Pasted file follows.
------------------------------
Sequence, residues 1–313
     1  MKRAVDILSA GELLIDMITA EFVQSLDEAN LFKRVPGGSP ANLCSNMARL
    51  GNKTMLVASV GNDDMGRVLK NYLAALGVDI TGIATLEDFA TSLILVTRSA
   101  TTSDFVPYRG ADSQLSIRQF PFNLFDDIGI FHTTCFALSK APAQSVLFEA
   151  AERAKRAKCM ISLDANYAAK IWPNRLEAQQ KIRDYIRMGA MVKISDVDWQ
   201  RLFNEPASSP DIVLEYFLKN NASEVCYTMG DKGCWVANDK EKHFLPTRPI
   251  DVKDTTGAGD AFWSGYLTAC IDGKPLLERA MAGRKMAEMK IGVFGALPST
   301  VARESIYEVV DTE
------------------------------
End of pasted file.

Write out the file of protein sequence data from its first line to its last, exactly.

Sequence, residues 1–313
     1  MKRAVDILSA GELLIDMITA EFVQSLDEAN LFKRVPGGSP ANLCSNMARL
    51  GNKTMLVASV GNDDMGRVLK NYLAALGVDI TGIATLEDFA TSLILVTRSA
   101  TTSDFVPYRG ADSQLSIRQF PFNLFDDIGI FHTTCFALSK APAQSVLFEA
   151  AERAKRAKCM ISLDANYAAK IWPNRLEAQQ KIRDYIRMGA MVKISDVDWQ
   201  RLFNEPASSP DIVLEYFLKN NASEVCYTMG DKGCWVANDK EKHFLPTRPI
   251  DVKDTTGAGD AFWSGYLTAC IDGKPLLERA MAGRKMAEMK IGVFGALPST
   301  VARESIYEVV DTE